As I watched the mold come to life with each delicate tap, what struck me was not only his technical ability, but his creative vision. Perhaps it’s easy to think of metalworking as, primarily, a blend of science and physical strength: heat a metal to a certain temperature and bend it (literally) to your will. But that only explains how it’s done, the requisite knowledge and skill. It doesn’t answer the question of why it’s done. Do the Navarinis want to create something practical, durable, technically perfect? Absolutely. But I think that, in their souls, they want to do something else: they want to create art.

Lunchtime was approaching so I thanked Fiorenzo for graciously spending the morning with me, wished him ‘buon appetito’, and turned for the door. But as I did, something familiar caught my eye: sitting on a worktable was a smaller, but identical, recreation of the turkey serving pan lid I had seen earlier in the museum. It was unfinished but no less impressive. It was being crafted for a client who had seen the original piece in the museum and wanted one for their home. New life for a regal old bird.

I wanted to inquire further but my hunger was getting the best of me. I said ‘arrivederci’ to Fiorenzo (for real this time) and was heading towards my car when Andrea and his girlfriend kindly invited me to lunch. We walked down to a small pizzeria a stone’s throw from the workshop. The pizza was good (Pugliese for me) but the amaretto tiramisù was sensational. After a strong glass of grappa and a shot of coffee, we slowly made our way back to the workshop. The Navarinis were going to show me how each piece is finished, and what I saw did not disappoint.

A large machine with two rotating cloth brushes, one coarse and one fine, dominated the narrow, rectangular room. The walls were dark and sunlight was at a premium. It may sound a bit gloomy and depressing but this was, in reality, a rejuvenation center.   

I was here because one of the crew was in the process of polishing some older items. My host, dressed in coveralls, was wearing a breathing mask, earmuffs, and safety glasses. He powered down the rotating brushes and greeted me with a hearty handshake. He asked if I was ready but, before I could answer, the machine whirred back into life, anxious to do its work. Anxious to strip away time. I gave him a thumbs-up and a grin.

He then selected a pan from his to-do pile, held it firmly in his hands, and pressed and turned it against the whirling brush as the machine tried its best to tear it from his grasp. He tussled with both of the brushes before holding the pan up for me see. The transformation was borderline miraculous: the pan, which just minutes before was the dullest of greens, was reborn. It shone and shimmered as beams of light, both natural and artificial, danced on its surface.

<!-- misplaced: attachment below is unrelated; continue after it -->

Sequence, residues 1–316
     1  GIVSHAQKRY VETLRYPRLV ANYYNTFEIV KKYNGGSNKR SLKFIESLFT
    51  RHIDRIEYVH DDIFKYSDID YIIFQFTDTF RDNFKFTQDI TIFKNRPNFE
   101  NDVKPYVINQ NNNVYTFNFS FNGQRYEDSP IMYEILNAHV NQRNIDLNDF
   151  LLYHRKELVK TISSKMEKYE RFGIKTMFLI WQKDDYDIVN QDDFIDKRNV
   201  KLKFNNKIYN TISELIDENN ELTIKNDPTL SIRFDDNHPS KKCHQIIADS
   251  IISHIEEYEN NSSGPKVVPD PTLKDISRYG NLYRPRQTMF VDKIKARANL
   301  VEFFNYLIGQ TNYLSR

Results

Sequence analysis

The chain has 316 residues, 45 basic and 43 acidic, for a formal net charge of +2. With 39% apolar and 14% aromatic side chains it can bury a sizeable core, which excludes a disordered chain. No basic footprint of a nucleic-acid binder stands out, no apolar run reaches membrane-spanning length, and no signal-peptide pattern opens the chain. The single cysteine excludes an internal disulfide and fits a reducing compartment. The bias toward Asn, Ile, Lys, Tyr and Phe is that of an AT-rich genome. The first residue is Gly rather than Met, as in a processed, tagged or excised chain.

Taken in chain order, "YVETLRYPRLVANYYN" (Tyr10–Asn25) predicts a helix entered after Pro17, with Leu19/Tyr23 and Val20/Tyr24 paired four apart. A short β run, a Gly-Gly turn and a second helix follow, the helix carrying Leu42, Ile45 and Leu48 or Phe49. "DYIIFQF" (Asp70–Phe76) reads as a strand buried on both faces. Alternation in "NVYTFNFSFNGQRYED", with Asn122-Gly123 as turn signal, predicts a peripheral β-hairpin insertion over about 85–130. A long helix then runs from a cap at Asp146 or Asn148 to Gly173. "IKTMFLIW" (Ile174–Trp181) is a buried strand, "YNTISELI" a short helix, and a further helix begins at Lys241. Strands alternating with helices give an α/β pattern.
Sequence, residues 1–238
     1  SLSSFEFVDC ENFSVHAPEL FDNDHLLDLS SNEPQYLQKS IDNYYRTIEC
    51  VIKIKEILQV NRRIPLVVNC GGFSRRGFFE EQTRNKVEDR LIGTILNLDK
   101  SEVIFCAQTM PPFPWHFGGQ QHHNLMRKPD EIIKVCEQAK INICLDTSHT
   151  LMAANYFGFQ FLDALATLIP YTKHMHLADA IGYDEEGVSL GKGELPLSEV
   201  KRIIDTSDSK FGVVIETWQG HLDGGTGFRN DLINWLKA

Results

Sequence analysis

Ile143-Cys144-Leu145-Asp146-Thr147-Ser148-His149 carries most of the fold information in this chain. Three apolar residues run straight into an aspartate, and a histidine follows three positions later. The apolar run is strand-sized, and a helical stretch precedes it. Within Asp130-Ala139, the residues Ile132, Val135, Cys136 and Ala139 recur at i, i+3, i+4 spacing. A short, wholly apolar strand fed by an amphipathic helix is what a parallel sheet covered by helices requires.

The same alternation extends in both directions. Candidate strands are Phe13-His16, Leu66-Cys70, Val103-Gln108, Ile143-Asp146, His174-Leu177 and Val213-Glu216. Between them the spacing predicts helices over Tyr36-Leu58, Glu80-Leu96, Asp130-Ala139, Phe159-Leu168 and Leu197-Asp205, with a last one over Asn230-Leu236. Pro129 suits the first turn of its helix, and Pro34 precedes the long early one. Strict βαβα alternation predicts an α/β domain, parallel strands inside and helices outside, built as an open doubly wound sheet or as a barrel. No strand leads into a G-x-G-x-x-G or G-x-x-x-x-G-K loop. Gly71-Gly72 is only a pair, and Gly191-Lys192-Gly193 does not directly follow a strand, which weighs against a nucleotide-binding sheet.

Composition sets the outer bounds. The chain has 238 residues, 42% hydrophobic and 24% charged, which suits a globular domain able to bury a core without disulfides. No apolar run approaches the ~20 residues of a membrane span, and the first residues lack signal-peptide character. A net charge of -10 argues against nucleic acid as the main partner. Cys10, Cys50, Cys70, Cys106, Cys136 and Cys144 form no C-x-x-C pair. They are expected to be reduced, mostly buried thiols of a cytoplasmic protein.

I could tell he was smiling under his mask.

I emerged once again into the light of day to find Andrea and Stefano in the courtyard. Stefano, in a tin-spattered apron and heavy gloves, stood behind an L-shaped wooden table. There was a roaring flame to his left and a large vat of water just behind him. Stefano was going to apply tin linings to a number of large pans, and the show was about to begin.

The process started with Stefano warming one of the pans over a flame for about 90 seconds (given its conductive properties, copper heats up very quickly and evenly). As I watched him, I could see the copper change color slightly, almost as if it was beginning to sweat.

Once it reached the right temperature, Stefano took a thin rod of pure tin and quickly rubbed it against the inside of the pan. What happened next was stunning: when the tin came in contact with the hot copper surface, it instantly liquified, producing a cascade of magnificent silver streaks. Stefano then spread the tin around the pan with a few simple rolls of the wrist before removing it from the flames.

He then quickly, but delicately, wiped the pan with two different fiber cloths, carefully distributing the tin smoothly and evenly across the copper surface. Stefano then gave the bottom of the pan a brief, steam-inducing dip in the water and gently set it on the table.

The result was glorious. It was just so clean, bright, and, well, perfect. And it was all done masterfully by look and feel alone, the result of years of practice and repetition. Andrea, who was standing next to me, remarked that he had tinned over a 1,000 pieces but was nowhere near a master. I couldn’t help but watch Stefano do a few more, and each one was just as mesmerizing and the last. 

Not long after, I said goodbye to the Navarinis and headed back toward Milan. But as I was winding through the valley, I thought to myself, “OK, well, that’s a wide, flat pan but how do they tin something as narrow and curvaceous as an oil cruet?” Perhaps I’ll get my answer on the next visit. 

If you’re thinking about visiting the Navarini workshop, it’s located in a truly beautiful part of the country, nestled between the Dolomites and Lake Garda. It’s located just off the A22 expressway, a few kilometers south of the city of Trento.

Navarini Rame
Via Val Gola 22
38123, Ravina (TN)
Tel: +39 0461 923330